All hands on deck.

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(noun) a person who pleads for a cause or propounds an idea


It’s a jungle out there for kids with concerning behaviors. And it’s not a walk in the park for parents, educators, mental health professionals, staff in facilities, or law enforcement professionals either. Changing lenses, practices, structures, and systems that support punitive, exclusionary practices that are often applied to these kids — practices that propel them down the very costly and unnecessary pipeline to prison — is no easy task. It begins with coming together around key principles related to how children should be treated. Please read the principles below…and if you endorse them, sign up to become a Lives in the Balance Advocator. We’ll keep you in the loop on promising practices and legislation and provide you with resources that will help you advocate for change in whatever ways you choose.

If we don’t start doing right by kids with social, emotional, and behavioral challenges, we’re going to keep losing them at an astounding rate. There are lives in the balance, and we all need to do everything we can to make sure those lives aren’t lost. That begins with principles related to how kids — especially the most vulnerable — should be understood and treated. If you endorse the principles below, please sign up to become a Lives in the Balance Advocator.

  • Caregivers should recognize that maladaptive responses to problems and frustrations stem from lagging skills in the domains of flexibility/adaptability, frustration tolerance, emotion regulation, and problem-solving
  • Caregivers should understand that concerning behavior is no less a form of developmental delay than delays in reading, writing, and arithmetic, and is deserving of the same compassion and approach as are applied to these other cognitive delays.
  • Kids should not be counterproductively labeled as bratty, spoiled, manipulative, attention-seeking, coercive, limit-testing, controlling, or unmotivated.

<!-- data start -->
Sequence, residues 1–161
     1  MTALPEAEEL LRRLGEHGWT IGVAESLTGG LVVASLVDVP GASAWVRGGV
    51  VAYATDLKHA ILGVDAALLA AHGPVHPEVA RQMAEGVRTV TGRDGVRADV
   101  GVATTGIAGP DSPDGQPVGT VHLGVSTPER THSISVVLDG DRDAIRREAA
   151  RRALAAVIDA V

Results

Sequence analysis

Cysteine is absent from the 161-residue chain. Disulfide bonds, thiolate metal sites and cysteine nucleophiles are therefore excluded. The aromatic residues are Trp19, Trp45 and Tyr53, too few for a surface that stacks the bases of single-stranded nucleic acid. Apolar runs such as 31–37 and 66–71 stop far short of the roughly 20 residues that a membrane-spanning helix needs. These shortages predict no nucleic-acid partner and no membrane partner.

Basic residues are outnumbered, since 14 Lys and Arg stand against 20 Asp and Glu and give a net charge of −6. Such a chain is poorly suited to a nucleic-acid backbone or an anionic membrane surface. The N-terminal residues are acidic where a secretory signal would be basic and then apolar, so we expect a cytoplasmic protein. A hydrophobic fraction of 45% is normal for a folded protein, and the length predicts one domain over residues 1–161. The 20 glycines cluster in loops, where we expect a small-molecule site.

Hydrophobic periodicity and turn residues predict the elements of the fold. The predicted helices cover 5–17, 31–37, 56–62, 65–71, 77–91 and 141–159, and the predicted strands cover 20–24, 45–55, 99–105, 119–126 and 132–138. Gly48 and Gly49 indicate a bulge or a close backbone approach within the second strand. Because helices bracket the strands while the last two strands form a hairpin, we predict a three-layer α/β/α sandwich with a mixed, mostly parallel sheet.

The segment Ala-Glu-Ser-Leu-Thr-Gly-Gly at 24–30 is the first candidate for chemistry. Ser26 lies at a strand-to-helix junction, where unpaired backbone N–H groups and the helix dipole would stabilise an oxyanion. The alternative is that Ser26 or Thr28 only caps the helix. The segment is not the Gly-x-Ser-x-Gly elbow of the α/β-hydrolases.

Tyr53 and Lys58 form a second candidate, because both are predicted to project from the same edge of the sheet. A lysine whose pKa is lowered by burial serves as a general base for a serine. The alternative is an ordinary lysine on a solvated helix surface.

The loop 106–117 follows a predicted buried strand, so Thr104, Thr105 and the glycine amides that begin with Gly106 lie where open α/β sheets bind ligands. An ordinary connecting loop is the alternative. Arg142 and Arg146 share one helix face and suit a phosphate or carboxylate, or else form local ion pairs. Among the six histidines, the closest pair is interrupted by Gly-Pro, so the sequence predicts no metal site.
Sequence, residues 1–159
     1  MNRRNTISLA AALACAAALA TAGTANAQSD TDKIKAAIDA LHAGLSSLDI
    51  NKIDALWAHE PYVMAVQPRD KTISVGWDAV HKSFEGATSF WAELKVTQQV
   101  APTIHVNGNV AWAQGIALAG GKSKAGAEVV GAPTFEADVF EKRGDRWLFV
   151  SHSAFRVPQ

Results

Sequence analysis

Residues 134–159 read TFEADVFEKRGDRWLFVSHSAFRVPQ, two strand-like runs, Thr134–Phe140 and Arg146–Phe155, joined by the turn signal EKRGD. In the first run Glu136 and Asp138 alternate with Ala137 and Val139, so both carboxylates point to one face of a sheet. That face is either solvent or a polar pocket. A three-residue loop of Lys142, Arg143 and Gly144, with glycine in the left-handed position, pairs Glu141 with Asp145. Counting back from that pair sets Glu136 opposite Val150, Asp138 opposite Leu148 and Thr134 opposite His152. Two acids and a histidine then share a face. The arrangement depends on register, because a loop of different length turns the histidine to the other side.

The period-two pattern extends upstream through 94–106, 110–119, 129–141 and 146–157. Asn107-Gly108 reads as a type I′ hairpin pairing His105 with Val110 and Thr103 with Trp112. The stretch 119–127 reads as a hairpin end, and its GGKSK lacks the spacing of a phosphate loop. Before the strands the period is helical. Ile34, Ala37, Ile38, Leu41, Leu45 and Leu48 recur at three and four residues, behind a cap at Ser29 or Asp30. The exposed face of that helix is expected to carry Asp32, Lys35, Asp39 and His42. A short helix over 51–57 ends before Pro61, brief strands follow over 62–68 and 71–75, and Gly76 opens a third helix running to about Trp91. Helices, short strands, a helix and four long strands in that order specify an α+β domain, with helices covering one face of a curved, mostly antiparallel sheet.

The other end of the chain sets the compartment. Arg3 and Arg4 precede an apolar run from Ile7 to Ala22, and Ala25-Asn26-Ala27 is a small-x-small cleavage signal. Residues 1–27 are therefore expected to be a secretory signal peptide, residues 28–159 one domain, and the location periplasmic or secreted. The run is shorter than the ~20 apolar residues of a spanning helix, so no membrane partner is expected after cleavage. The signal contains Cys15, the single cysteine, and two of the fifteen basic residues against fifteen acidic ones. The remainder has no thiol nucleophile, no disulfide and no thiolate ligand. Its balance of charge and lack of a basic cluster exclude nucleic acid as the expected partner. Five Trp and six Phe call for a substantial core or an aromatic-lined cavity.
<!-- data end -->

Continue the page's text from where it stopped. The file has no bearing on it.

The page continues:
• Caregivers should understand that concerning behavior occurs in response to specific unsolved problems – homework, screen time, teeth brushing, clothing choices, sibling and peer interactions, and so forth – and that these unsolved problems are usually highly predictable and can therefore be solved proactively.
  • Caregivers should understand that the primary goal of intervention is to collaboratively solve these problems in a way that is realistic and mutually satisfactory so that they don’t precipitate concerning behavior any more.
  • Caregivers should understand that time-outs, detentions, suspensions, expulsion, paddling, and isolation do not solve problems or “build character” but rather often make things worse.
  • Caregivers should understand that kids are usually the best source of information on what’s making it hard for them to meet a particular expectation.
  • Caregivers should not resort to physical intervention and are knowledgeable about and proficient in interventions that actually solve problems.
  • Caregivers should understand that solving problems collaboratively – rather than insisting on blind adherence to authority – is what prepares kids for the demands they will face in the real world.
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If compassion and mercy are not compatible with politics, then something is the matter with politics.

- U.S. President Gerald R. Ford